Airport committee talks reforms at first 2015 meeting
Problems at Cornelius-Moore field discussed, fixes for fuel pumps and inspections of hangars up first
The first meeting of the re-established airport committee came together to organize and discuss what should be done with Polk County’s runway and hangars off Highway 278 at Airport Road.
Polk County Commission chair gave commissioners Scotty Tillery and Ray Barber the assignment of re-establishing the airport committee with the mandate to make Polk County’s runway and facilities great again.
Tillery, who is chairing the committee, called in a citizen’s advisory panel of local pilots to help with the coming work required for the Polk County airport.
Among those who met on Thursday, Aug. 27 to start figuring out the future of the airport were Derek and Vernon Miller, Leroy Pew, Robert Cannon, George Tanner, Tommy Britt and Jonathan Stitt. Many of those on the panel were also part of the previous committee which was left to linger during past commissions.
Now back to work, the committee has a laundry list of problems to address at the airport, some of which are already underway or scheduled through GDOT Aviation to be funded for fixes.
However, large among those that needs immediate attention is the way that planes can fuel in Polk County.
Currently, the county relies on self-service pumps at the airport to
fuel smaller planes with regular aviation gasoline, while larger ones with more powerful engines require the use of a pressurized fuel truck carrying a Jet-A mixture to gas up tanks.
Most of the problems are with the self-serve pumps, which require a lot of trial and error to get to work correctly with credit cards.
Committee members told county manager Matt Denton that in the past, when the pump has been fixed it works for a day and then something else happens requiring another repair.
“They have never worked right since they were installed,” said Cannon.
Denton explained that when the fuel farm was installed, state DOT officials in the aviation department required contracts for all local airports to go to the lowest bidder on the project, which in this case was Cobb Environmental.
“The fuel farm cost us $325,000, and in order to get any potential reimbursement from the state DOT we had to go with the low bidder by their rules,” he said. “But I wouldn’t recommend them to install a light bulb.”
The system – which is more than a year and a half old – is no longer under warranty and each time it requires repair, the county has to call in Cobb Environmental and be charged for mileage and hours worked.
Tillery asked the panel and committee to seek out others who might be able to fix the pumps without involving Cobb Environmental.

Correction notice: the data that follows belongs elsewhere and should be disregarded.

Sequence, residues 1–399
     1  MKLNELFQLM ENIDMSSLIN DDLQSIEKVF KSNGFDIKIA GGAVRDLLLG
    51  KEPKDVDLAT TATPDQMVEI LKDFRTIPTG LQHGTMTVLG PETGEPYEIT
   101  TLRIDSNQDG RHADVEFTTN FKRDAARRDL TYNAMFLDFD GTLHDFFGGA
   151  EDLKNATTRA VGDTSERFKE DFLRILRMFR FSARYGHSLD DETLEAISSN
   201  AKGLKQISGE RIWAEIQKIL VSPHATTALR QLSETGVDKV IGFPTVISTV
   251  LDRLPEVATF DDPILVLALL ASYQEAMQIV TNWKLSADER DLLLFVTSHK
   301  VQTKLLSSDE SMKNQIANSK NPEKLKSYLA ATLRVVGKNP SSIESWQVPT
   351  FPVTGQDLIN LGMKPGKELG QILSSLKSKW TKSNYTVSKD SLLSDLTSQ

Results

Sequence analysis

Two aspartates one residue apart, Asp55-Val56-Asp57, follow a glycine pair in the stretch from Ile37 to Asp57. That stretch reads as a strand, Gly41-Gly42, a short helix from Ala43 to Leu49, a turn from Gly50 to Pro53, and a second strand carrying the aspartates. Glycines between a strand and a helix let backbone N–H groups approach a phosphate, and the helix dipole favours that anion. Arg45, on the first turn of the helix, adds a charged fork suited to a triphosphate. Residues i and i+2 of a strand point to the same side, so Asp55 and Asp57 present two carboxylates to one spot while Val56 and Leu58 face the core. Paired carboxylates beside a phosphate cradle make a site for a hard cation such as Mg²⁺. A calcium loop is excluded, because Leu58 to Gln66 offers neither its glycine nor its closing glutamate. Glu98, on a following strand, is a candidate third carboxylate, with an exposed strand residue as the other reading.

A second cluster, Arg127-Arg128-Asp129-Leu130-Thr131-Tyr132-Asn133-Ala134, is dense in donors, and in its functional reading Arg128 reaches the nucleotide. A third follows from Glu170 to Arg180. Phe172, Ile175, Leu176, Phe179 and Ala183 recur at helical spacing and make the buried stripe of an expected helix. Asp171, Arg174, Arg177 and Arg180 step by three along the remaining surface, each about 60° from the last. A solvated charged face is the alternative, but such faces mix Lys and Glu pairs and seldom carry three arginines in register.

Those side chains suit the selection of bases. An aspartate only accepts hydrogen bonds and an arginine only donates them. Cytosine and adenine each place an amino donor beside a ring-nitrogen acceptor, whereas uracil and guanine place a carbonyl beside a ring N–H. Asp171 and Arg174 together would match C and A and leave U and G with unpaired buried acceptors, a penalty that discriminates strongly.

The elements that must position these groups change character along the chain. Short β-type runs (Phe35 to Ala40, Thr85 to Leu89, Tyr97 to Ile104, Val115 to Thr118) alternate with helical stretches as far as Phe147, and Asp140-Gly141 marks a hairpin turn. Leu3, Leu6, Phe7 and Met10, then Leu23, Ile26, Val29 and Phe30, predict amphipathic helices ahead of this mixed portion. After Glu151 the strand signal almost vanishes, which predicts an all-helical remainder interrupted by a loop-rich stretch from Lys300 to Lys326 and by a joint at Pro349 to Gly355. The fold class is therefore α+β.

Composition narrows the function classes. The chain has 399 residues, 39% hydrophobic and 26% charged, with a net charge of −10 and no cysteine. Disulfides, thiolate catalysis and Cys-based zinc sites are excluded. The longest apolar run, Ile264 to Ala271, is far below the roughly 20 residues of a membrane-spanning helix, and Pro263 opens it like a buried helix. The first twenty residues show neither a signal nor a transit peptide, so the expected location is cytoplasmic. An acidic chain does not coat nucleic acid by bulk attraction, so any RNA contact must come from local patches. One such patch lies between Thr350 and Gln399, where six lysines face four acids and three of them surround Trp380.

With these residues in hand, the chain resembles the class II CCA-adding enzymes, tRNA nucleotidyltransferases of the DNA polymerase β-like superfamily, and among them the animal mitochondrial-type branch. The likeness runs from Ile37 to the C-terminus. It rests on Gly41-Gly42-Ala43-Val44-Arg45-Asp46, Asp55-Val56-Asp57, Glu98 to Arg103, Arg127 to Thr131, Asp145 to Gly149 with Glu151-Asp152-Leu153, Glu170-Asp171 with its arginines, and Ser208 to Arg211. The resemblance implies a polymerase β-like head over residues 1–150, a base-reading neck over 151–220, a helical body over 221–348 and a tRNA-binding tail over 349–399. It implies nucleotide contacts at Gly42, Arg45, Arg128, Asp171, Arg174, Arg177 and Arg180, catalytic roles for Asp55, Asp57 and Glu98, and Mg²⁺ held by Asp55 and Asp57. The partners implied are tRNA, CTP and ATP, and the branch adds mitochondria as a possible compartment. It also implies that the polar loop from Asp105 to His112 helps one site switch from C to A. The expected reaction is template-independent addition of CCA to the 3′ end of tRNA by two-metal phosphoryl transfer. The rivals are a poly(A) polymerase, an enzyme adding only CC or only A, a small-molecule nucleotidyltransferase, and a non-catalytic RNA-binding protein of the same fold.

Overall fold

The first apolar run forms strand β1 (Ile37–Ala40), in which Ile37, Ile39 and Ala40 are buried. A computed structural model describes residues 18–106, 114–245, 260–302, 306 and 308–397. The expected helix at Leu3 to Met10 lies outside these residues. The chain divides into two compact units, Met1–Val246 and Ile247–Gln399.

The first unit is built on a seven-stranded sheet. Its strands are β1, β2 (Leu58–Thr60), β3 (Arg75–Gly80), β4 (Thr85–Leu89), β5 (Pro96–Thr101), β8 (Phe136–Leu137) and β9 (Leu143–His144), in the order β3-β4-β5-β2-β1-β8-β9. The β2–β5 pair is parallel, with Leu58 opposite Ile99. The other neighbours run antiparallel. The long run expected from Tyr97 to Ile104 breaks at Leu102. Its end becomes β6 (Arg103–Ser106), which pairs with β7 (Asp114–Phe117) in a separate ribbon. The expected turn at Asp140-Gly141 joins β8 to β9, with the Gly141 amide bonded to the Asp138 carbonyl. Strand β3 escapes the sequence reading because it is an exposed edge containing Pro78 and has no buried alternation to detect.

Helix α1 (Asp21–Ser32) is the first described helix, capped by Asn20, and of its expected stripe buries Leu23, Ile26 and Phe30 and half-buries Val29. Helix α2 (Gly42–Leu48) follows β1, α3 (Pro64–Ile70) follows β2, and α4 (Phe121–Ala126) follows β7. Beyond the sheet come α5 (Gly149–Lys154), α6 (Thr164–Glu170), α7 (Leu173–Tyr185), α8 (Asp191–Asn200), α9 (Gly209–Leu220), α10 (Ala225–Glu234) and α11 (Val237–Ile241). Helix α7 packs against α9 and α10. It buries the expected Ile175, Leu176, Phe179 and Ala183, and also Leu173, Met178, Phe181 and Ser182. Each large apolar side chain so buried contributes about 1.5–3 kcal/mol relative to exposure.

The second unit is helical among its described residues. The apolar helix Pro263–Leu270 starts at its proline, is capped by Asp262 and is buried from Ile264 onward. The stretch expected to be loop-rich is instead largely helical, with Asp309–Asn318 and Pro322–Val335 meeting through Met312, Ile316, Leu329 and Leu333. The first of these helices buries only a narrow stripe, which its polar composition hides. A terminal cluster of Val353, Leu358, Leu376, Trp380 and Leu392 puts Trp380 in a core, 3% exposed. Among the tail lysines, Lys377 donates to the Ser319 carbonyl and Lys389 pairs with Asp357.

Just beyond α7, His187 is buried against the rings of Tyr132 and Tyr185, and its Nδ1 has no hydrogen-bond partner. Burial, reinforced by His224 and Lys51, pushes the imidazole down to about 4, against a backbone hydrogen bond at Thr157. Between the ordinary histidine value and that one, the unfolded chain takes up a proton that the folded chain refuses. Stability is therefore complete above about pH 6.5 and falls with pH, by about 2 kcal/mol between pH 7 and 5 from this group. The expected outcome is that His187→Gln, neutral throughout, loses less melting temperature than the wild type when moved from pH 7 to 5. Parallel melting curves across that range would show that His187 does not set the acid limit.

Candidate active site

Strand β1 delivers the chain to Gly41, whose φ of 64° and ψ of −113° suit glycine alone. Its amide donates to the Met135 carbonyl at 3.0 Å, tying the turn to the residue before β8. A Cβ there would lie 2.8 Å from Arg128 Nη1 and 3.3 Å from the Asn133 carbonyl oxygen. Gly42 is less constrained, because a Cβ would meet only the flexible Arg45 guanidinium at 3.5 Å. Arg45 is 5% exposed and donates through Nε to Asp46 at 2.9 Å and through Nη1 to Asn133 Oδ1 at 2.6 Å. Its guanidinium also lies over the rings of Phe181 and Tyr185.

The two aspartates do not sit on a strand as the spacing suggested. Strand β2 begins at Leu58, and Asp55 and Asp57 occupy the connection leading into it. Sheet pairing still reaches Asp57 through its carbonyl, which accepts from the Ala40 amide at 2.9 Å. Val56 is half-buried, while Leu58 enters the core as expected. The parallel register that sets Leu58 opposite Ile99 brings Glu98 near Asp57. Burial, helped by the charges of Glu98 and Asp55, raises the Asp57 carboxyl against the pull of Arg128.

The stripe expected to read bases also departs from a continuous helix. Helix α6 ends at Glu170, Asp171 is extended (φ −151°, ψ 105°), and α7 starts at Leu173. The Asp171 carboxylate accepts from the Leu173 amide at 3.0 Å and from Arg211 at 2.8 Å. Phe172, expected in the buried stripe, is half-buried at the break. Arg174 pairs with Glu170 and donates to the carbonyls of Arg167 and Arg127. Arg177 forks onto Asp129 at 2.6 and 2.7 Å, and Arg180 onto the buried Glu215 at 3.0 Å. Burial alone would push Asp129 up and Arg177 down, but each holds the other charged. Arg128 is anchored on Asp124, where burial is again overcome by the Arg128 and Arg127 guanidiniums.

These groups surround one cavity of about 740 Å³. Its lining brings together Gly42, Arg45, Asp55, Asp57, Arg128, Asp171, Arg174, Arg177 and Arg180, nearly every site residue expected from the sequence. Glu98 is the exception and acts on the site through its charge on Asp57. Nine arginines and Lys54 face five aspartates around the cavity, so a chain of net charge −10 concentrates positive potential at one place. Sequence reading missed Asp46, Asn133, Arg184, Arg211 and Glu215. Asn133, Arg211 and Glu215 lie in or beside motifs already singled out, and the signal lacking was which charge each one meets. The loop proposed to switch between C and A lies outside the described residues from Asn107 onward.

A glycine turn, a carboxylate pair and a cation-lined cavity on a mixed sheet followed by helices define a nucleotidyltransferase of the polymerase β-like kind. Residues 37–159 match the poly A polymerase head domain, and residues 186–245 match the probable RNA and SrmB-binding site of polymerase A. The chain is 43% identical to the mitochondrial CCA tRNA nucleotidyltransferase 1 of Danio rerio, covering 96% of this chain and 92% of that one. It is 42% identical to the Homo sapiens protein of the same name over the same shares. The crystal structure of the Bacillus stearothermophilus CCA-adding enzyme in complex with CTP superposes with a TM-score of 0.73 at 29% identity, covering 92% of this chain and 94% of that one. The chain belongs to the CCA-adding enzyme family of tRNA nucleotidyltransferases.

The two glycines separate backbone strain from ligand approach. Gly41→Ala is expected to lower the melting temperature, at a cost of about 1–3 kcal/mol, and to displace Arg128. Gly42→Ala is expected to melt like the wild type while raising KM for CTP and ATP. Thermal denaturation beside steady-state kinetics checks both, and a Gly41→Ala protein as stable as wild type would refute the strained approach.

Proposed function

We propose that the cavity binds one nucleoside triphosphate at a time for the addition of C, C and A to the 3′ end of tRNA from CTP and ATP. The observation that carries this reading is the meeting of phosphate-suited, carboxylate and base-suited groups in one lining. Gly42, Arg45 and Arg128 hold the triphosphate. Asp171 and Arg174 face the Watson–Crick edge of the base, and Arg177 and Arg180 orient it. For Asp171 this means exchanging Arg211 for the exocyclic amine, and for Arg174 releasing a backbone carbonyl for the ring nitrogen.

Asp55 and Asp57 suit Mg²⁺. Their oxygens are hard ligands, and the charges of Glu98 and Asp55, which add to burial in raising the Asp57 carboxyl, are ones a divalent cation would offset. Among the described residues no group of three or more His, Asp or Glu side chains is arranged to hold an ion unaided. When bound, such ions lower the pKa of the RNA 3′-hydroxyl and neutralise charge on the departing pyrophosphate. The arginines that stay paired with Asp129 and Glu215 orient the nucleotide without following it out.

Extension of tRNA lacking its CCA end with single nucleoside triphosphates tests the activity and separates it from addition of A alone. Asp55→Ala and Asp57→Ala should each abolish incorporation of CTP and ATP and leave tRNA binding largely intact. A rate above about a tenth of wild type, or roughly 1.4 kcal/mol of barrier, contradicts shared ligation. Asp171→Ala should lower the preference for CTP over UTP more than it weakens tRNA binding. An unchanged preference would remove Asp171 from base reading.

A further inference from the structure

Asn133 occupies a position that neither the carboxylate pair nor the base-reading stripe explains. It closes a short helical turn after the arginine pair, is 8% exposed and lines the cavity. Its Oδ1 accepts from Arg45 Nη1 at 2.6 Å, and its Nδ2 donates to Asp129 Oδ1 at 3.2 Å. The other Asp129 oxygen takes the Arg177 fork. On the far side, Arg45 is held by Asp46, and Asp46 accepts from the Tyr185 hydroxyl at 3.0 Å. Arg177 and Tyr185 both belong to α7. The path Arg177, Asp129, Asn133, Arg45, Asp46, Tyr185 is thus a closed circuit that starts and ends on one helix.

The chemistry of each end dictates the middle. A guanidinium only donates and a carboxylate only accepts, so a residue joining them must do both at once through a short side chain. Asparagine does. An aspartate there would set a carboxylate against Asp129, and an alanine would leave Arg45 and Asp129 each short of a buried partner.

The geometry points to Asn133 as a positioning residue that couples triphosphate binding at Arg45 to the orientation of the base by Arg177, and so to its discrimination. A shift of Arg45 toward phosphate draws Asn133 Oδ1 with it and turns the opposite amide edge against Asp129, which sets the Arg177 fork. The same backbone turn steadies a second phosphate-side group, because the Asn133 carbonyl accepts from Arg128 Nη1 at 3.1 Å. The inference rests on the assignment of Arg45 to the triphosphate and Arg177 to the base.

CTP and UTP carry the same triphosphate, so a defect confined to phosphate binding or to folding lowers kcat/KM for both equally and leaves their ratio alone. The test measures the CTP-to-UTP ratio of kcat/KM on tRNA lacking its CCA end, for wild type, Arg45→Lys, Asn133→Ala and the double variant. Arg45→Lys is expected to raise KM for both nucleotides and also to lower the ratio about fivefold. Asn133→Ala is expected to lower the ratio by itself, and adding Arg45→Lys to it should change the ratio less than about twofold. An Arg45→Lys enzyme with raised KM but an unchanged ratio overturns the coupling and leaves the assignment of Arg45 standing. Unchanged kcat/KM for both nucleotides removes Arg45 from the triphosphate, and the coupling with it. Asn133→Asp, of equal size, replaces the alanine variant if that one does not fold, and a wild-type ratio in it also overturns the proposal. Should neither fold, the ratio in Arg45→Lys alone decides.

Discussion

Stitt also told the committee that work needs to be done soon on pumps connected to the fuel tanks. The pumps keep ground and rainwater from getting mixed in with the gas.
Complaints about gas prices at the airport were chief among the panel’s first comments during the Aug. 28 session, with questions as to why Polk’s prices are higher than those at Rome’s Richard B. Russell field and in Carrollton.
Denton told committee members the county was somewhat limited in what actions can be taken as far as fuel costs are concerned. Currently, the airport is only allowed to make enough money to operate and no more.
Any profits the airport makes, say off the sale of aviation fuel, has to go right back into investments into the airport. Good for the long term, when big bills like the fuel farm come up, but not good for trying to lower prices to compete with other airports in the area buying more fuel at a time.
“We can’t legally make more money than it takes to run it, which means we also can’t lower fuel prices to remain competitive, because it can’t cost us any more money to run the airport either than it already does,” he said.
Tillery said that fuel costs will be discussed in future meetings, but that immediate priorities needed to be placed on the pumps, replacing lighting to guide plans coming in on the runway, an update of airport policy and maintaining a clean area.
He also wanted to look into problems with the hangars and plane storage.
With several spaces open, Tillery said one way to attract people back to the airport is being competitive with pricing on places for area residents to house their planes.
Dividing the newly formed panel into two groups along with himself and Barber, they were tasked to give the airport an inspection of all hangars and buildings to determine what needs to be done, especially in terms of repairs, to make rentals attractive again.
Some of the long term goals of the group are already in a five year capital improvement plan put down on paper by state officials. However, Denton said those plans change from year to year based on state spending priorities.
However, according to the document from the state, money is currently being spent to clear more glide path space for planes coming in and out of the airport, costing a total of $561,000 mostly in federal and state dollars, with less than $30,000 matching costs from county coffers. Work on that is expected to be completed by the end of 2017.
In the coming years, runway aprons, taxiways and a lengthening of the landing strip by 1,000 feet will also be in the works, so long as state priorities remain as they are.
By 2020, the state will finally reimburse the up-front costs of the fuel farm to the tune of $329,862.
The committee plans to meet again and report back on the several items discussed in mid-October.
The newly reformed airport committee met on Thursday, Aug. 27.